Jurich v. Compass Marine, Inc. et al

Filing 155

ORDER denying 130 Motion for Summary Judgment; denying 141 Motion to Certify Class; granting 143 Motion for Summary Judgment. Plaintiff's remaining counts against the defendant are dismissed with prejudice. Signed by Chief Judge William H. Steele on 11/7/2013. (adk)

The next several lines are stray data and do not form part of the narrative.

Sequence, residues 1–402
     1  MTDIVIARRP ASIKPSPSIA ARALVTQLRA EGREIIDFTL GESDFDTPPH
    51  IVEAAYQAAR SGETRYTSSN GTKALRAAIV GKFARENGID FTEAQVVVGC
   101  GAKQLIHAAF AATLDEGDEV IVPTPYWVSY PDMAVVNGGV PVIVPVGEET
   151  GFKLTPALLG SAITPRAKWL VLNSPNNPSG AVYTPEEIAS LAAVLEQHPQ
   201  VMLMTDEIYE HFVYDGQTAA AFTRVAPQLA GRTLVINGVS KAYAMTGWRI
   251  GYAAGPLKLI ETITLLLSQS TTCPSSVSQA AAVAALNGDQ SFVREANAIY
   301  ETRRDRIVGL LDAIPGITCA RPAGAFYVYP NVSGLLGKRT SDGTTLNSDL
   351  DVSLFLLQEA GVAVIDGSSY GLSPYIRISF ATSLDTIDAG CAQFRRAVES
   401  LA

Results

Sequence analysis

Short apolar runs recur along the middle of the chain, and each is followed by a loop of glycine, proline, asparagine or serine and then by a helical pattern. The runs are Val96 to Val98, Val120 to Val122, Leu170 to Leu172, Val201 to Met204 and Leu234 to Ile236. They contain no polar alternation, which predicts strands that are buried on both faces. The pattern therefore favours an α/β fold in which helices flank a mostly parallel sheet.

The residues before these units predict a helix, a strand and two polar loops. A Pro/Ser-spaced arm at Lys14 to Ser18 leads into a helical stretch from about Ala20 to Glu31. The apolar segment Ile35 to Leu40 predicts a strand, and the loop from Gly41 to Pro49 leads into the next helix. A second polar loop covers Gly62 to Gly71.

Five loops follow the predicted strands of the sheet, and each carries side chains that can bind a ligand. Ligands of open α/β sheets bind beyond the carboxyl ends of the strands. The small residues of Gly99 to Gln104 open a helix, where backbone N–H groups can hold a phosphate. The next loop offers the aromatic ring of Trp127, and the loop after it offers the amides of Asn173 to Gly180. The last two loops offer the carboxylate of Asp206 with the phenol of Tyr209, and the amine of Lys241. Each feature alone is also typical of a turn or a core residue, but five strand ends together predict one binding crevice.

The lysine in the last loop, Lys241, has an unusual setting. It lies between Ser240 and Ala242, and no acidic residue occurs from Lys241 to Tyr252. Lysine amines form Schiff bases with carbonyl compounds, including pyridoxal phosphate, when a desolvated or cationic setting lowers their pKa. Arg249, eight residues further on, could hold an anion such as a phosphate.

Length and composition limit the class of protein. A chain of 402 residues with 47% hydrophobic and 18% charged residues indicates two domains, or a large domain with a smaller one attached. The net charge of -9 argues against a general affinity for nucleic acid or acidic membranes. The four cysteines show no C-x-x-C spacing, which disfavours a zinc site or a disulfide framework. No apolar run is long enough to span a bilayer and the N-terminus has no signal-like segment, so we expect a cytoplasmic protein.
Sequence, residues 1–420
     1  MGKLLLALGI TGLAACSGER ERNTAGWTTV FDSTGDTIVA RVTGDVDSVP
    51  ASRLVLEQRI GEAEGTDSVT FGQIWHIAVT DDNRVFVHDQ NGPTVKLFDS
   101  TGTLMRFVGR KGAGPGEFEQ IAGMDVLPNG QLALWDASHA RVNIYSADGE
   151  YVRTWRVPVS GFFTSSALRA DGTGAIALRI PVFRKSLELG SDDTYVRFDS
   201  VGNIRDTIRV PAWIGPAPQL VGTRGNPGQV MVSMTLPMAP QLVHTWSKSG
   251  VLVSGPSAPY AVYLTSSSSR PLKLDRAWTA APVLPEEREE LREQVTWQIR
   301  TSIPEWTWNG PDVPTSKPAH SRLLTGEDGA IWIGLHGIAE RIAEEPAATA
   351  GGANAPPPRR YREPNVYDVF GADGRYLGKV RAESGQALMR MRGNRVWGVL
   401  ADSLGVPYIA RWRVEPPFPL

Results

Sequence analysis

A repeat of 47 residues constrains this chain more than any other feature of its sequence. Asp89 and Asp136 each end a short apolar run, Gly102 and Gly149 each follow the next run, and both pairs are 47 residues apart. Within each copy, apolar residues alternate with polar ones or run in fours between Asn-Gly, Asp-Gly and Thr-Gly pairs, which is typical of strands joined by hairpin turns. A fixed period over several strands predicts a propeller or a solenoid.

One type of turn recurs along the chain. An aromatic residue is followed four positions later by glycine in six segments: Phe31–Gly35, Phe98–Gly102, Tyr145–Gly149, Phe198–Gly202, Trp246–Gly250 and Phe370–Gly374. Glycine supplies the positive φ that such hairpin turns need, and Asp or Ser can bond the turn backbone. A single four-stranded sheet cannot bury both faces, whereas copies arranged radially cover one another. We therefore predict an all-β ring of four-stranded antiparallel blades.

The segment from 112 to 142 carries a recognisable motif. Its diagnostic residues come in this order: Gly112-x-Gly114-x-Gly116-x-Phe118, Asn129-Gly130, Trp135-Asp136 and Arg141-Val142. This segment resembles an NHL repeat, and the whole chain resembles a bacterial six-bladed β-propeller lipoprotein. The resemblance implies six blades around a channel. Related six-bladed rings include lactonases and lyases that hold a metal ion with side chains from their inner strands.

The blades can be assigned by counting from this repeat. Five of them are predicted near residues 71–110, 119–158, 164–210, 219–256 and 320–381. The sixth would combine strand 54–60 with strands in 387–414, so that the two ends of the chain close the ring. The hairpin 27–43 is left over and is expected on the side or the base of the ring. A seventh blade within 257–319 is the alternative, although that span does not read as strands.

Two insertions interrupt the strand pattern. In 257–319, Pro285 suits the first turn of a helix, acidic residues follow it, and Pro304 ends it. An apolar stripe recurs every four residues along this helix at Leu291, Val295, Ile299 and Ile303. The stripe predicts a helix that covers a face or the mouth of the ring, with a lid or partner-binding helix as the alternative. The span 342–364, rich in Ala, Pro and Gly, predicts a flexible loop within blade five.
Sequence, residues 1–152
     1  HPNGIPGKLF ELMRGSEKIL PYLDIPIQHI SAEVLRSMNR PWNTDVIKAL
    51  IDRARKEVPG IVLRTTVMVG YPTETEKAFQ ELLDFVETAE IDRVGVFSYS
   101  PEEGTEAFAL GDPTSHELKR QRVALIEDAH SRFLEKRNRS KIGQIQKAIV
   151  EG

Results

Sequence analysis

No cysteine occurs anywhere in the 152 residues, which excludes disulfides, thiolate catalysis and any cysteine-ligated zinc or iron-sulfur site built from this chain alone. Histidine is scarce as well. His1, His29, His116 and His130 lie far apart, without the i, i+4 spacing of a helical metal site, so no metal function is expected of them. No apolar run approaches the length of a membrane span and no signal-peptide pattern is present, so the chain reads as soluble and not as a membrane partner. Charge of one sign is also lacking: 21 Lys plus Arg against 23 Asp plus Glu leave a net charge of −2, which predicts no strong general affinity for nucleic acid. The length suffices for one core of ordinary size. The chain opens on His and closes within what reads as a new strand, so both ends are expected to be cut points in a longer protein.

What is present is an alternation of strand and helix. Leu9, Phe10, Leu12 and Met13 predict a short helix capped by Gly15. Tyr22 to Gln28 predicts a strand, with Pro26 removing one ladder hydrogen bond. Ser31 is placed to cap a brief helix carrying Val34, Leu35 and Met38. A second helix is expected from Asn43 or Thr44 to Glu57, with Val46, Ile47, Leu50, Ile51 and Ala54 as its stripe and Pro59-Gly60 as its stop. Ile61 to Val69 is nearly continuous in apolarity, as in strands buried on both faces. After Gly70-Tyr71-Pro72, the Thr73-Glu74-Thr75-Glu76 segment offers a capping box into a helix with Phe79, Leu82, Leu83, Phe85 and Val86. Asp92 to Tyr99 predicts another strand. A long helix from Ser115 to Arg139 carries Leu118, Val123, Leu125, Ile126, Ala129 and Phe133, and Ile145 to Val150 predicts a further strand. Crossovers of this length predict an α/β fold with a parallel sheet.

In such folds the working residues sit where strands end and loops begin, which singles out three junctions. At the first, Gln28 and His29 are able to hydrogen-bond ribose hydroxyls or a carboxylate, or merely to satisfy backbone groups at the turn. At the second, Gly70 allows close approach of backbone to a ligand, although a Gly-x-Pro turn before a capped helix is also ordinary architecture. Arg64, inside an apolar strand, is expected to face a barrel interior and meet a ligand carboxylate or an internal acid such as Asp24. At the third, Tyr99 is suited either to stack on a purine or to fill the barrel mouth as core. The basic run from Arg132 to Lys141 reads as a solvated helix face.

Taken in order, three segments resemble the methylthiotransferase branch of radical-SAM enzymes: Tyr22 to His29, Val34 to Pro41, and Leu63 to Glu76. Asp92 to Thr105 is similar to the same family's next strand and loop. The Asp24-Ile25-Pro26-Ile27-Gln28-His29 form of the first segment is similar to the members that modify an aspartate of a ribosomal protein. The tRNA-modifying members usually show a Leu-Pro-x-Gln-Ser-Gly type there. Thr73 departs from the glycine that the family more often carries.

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IN THE UNITED STATES DISTRICT COURT FOR THE SOUTHERN DISTRICT OF ALABAMA SOUTHERN DIVISION NICHOLAS JURICH, et al., Plaintiffs, v. COMPASS MARINE, INC., et al., Defendants. ) ) ) ) ) CIVIL ACTION 12-0176-WS-B ) ) ) ) ORDER This matter is before the Court on the remaining parties’ competing motions for summary judgment. (Docs. 130, 143). The parties have filed briefs and evidentiary materials in support of their respective positions, (Docs. 131-32, 139-40, 144-45, 152-54), and the motions are ripe for resolution. BACKGROUND This action was begun against six defendants by four plaintiffs alleging seven causes of action. (Docs. 1, 41). The Court dismissed four defendants pursuant to Rule 4(m), and a fifth was dismissed with the parties’ agreement. (Docs. 60, 85). The sole remaining defendant is Compass Marine, Inc. (“Compass”), a maritime employment placement agency. The parties then stipulated to the dismissal of plaintiff Wilbur Smith and of all but one cause of action. (Doc. 124). The sole remaining claim is a seaman’s claim for wages under general maritime law. While this action was pending before the Court, Smith filed another, naming a different maritime employment placement agency as a defendant, along with a former employer. Smith v. Seaport Marine, Inc., Civil Action No. 12-0501WS-B. The complaint in Smith and the amended complaint herein were filed by the same counsel and contain substantively identical allegations and the same causes of action. As in this case, the parties in Smith stipulated to the dismissal of all claims save for a seaman’s claim for wages under general maritime law. (Id., Docs. 1, 60). DISCUSSION Summary judgment should be granted only if “there is no genuine dispute as to any material fact and the movant is entitled to judgment as a matter of law.” Fed. R. Civ. P. 56(a). The party seeking summary judgment bears “the initial burden to show the district court, by reference to materials on file, that there are no genuine issues of material fact that should be decided at trial.” Clark v. Coats & Clark, Inc., 929 F.2d 604, 608 (11th Cir. 1991). “When the moving party has the burden of proof at trial, that party must show affirmatively the absence of a genuine issue of material fact: it must support its motion with credible evidence ... that would entitle it to a directed verdict if not controverted at trial. [citation omitted] In other words, the moving party must show that, on all the essential elements of its case on which it bears the burden of proof, no reasonable jury could find for the nonmoving party.” United States v. Four Parcels of Real Property, 941 F.2d 1428, 1438 (11th Cir. 1991) (en banc) (emphasis in original); accord Fitzpatrick v. City of Atlanta, 2 F.3d 1112, 1115 (11th Cir. 1993). “If the party moving for summary judgment fails to discharge the initial burden, then the motion must be denied and the court need not consider what, if any, showing the non-movant has made.” Fitzpatrick v. City of Atlanta, 2 F.3d 1112, 1116 (11th Cir. 1993); accord Clark, 929 F.2d at 608. “If, however, the movant carries the initial summary judgment burden ..., the responsibility then devolves upon the non-movant to show the existence of a genuine issue of material fact.” Fitzpatrick, 2 F.3d at 1116. “If the nonmoving party fails to make ‘a sufficient showing on an essential element of her case with 2 respect to which she has the burden of proof,’ the moving party is entitled to summary judgment.” Clark, 929 F.2d at 608 (quoting Celotex Corp. v. Catrett, 477 U.S. 317 (1986)) (footnote omitted); see also Fed. R. Civ. P. 56(e)(2) (“If a party fails to properly support an assertion of fact or fails to properly address another party’s assertion of fact as required by Rule 56(c), the court may … consider the fact undisputed for purposes of the motion ….”). In deciding a motion for summary judgment, “[t]he evidence, and all reasonable inferences, must be viewed in the light most favorable to the nonmovant ….” McCormick v. City of Fort Lauderdale, 333 F.3d 1234, 1243 (11th Cir. 2003). But there is no burden on the Court to identify unreferenced evidence supporting a party’s position. Accordingly, the Court limits its review to the exhibits, and to the specific portions of the exhibits, to which the parties have expressly cited. In Smith, this Court recently granted the defendants’ motion for summary judgment. Smith v. Seaport Marine, Inc., ___ F. Supp. 2d ___, 2013 WL 5878965 (S.D. Ala. 2013). For reasons that appear below, the Court concludes that Smith dictates the same resolution here. The plaintiffs’ claim depends upon the existence of a violation of 46 U.S.C. § 11109(b), which provides that “[a]n assignment or sale of wages or salvage made before the payment of wages does not bind the party making it,” with an exception not applicable here. In Smith, this Court ruled that “the summary judgment record, viewed in the light most favorable to Smith, does not establish a violation of § 11109(b).” 2013 WL 5878965 at *6. Smith stressed that the paycheck mailing agreement (“PMA”), which authorized his employer to mail his payroll checks directly to Seaport Marine until the agreed placement fee was paid, provided that it was “irrevocable” until full payment was received. The Court ruled that this language rendered the PMA inconsistent with Section 11109(b) but that its mere presence in the PMA could not of itself violate the statutory provision. The Court acknowledged that a different situation might be presented if 3 the term “factored into the course of dealings between these parties in any way,” but no such evidence was presented. Id. at *7 & n.16. The Smith Court further ruled that, even had the plaintiff shown a statutory violation, and even if such a violation would open the door for judicial creation, under the tottering “wards of admiralty” doctrine, of a damages remedy not provided by Congress, the equities disfavored creation of such a remedy, given Smith’s failure to show that he had been wronged or damaged by inclusion of the term “irrevocable” in the PMA. 2013 WL 5878965 at *9-10. The language of the PMA and other contractual documents in this case is indistinguishable from that in Smith, as are the plaintiffs’ arguments. Unless there is a meaningful difference in the evidence presented, then, Smith instructs that the same result must obtain here as there. The plaintiffs make an effort to show such a difference, but to no avail. The Smith Court listed several ways by which a plaintiff might show that the appearance of the term “irrevocable” indeed “factored into the course of dealings” between the parties. One of these ways, the Smith Court suggested, would be to present evidence that the plaintiff attempted to revoke the PMA and was rebuffed. 2013 WL 5878965 at *7. This is the only avenue by which the plaintiffs attempt to avoid Smith. Plaintiffs Jurich and Wood have submitted brief declarations. Each consists of a single (and identical) substantive sentence: “My attempt to revoke the agreement with Compass when it took my entire final paycheck was denied by Compass.” (Doc. 152, O’Bryan Declaration, Exhibit B; Doc. 153, Attachment). Unfortunately for them, they have also submitted their deposition testimony, which recounts everything they did when the defendant withheld their entire final paychecks (after they were terminated before paying the defendant its agreed fee), and that testimony on its face reflects that, while they questioned whether they were in fact terminated and/or whether their terminations triggered the defendant’s 4 contractual right to withhold their final paychecks, they never sought to revoke the contracts in general or the PMAs in particular. (Doc. 152 at 5-8). “When a party has given clear answers to unambiguous questions which negate the existence of any genuine issue of material fact, that party cannot thereafter create such an issue with an affidavit that merely contradicts, without explanation, previously given clear testimony.” Van T. Junkins & Associates, Inc. v. U.S. Industries, Inc., 736 F.2d 656, 657 (11th Cir. 1984). This rule captures the plaintiffs’ attempt to create a fact issue as to whether they tried to revoke the PMAs. Because their effort fails, their case remains governed by Smith; without a foiled attempt to revoke, there is no violation of Section 11109(b) on which to peg a judicially-created remedy, and without such an attempt the equities continue to disfavor creation of such a remedy even had there been a violation. CONCLUSION For the reasons set forth above, the plaintiffs’ motion for summary judgment is denied and the defendant’s motion for summary judgment is granted. The plaintiffs’ remaining claims against the defendant are dismissed with prejudice. Judgment shall be entered accordingly by separate order. The plaintiffs’ motion for class certification, (Doc. 141), is denied as moot. DONE and ORDERED this 7th day of November, 2013. s/ WILLIAM H. STEELE CHIEF UNITED STATES DISTRICT JUDGE 5